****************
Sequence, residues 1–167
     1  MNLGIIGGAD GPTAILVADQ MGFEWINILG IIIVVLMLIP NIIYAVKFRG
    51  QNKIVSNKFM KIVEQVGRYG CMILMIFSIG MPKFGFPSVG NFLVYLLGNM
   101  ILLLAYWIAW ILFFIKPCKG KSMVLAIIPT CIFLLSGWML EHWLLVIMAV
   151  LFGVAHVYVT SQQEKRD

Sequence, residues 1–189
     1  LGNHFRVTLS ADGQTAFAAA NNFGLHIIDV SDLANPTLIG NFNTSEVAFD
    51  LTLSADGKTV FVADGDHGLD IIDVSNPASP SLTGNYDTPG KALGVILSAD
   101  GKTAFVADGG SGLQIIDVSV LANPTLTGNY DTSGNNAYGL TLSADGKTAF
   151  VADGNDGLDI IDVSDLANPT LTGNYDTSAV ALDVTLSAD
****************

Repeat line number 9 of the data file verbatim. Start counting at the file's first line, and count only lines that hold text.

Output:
   101  GKTAFVADGG SGLQIIDVSV LANPTLTGNY DTSGNNAYGL TLSADGKTAF